Happy parameter spotting.

Tobias, Philipp, Alejandro and Lutz

Statistical Parameter Optimization Tool

Brazilian biggest environmental disaster


Location of Mariana city, state of Minas Gerais, Brazil. (Image via Wikipedia/Raphael Lorenzeto de Abreu)

16h20, 5th of November of 2015: This is the exactly time of the burst of a tailing-pond dam at an iron ore mine owned by Samarco (a joint venture between Vale SA and BHP Billiton) in the state of Minas Gerais (MG), Brazil.

The volume of 62 million cubic meters of mineral sludge took 40 minutes to reach the location of Bento Rodrigues, a subdistrict of Mariana-MG, destroying 82% of the buildings in the location and killing 17 people (and 2 are still missing). Seven other villages and districts that are located nearby were hit with minor damage.

Flooding after Bento Rodrigues dam break. (Image via NASA)

Few hours later, the mud reached the Rio Doce River, which basin has a drainage area of about 86.715 square kilometers, flowing down about 600 kilometers until reaches the Atlantic Ocean spreading for around 168 square kilometers.

Atlantic ocean
Plume reaching the Atlantic Ocean. (Credit photo: Ricardo Moraes/Reuters)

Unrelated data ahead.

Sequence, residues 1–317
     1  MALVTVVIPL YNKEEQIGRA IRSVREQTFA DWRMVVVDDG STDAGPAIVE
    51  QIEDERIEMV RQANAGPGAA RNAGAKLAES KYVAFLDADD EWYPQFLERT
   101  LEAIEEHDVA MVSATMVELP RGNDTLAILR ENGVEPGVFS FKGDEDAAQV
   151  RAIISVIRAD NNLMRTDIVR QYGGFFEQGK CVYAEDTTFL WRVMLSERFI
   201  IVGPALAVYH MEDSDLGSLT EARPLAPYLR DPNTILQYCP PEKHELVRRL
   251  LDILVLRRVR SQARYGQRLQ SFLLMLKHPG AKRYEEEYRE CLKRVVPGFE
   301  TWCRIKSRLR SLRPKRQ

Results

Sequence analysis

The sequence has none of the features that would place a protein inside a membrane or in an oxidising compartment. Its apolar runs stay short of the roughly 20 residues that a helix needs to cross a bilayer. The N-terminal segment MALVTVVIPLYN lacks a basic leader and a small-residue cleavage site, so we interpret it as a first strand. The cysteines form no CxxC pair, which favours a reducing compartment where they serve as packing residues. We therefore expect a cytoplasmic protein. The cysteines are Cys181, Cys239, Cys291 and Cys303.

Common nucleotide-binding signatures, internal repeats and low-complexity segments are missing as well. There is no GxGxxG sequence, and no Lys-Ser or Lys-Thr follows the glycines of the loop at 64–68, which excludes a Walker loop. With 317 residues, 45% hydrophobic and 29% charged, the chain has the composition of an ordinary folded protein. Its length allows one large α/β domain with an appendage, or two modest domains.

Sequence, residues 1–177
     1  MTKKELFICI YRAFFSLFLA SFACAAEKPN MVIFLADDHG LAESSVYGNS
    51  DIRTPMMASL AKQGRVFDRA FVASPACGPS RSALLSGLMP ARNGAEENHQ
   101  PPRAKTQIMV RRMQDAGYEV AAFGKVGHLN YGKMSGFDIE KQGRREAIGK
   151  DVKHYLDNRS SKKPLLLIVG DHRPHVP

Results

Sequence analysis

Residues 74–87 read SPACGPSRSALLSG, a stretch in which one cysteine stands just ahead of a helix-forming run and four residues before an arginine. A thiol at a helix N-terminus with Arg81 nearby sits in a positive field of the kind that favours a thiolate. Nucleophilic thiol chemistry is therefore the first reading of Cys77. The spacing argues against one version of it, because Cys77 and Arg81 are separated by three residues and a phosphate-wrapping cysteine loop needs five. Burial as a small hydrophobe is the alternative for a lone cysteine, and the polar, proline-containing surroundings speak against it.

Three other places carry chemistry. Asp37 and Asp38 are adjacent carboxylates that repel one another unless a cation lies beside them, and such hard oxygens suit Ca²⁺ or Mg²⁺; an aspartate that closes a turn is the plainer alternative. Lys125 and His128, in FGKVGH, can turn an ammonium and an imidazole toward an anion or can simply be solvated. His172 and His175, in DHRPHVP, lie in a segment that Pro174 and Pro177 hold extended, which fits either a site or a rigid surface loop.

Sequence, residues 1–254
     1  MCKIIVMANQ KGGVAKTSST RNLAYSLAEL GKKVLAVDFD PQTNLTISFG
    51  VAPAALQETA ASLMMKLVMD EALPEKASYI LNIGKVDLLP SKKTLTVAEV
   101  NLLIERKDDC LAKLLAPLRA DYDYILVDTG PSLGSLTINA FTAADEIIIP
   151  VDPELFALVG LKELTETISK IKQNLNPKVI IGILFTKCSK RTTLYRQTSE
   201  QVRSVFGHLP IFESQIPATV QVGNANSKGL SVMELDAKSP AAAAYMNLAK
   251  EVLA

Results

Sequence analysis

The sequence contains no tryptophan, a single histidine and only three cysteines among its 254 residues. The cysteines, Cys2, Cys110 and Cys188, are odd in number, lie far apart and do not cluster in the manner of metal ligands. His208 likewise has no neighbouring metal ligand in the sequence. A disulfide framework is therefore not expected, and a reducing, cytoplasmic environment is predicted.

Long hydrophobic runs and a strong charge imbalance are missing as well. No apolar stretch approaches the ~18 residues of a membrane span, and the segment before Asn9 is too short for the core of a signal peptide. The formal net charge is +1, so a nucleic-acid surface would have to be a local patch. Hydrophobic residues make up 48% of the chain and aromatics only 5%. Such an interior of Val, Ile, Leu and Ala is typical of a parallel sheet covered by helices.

fish rio doce river
Impact of Samarco’s mud on river fauna. (Credit photo: Leonardo Mercon/Últimos Refúgios)

The total of 1.5 thousands hectares of vegetation was devastated, at least 11 tons of dead fish were removed from the Rio Doce River and 35 cities were affected by the cut off of water supply, leaving around 400 000 people with no drinking water for a week.

An independent group of scientists GIAIA released the first results of water quality analysis presenting levels of manganese, arsenic, lead, iron and aluminium higher than the limit established by the National Environmental Council – CONAMA (in portuguese, Conselho Nacional de Meio Ambiente).

The accident was described as the biggest environmental disaster in Brazil’s history by the Brazil president Dilma Rousseff during the COP21 (France, 2015).


Brazilian biggest environmental disaster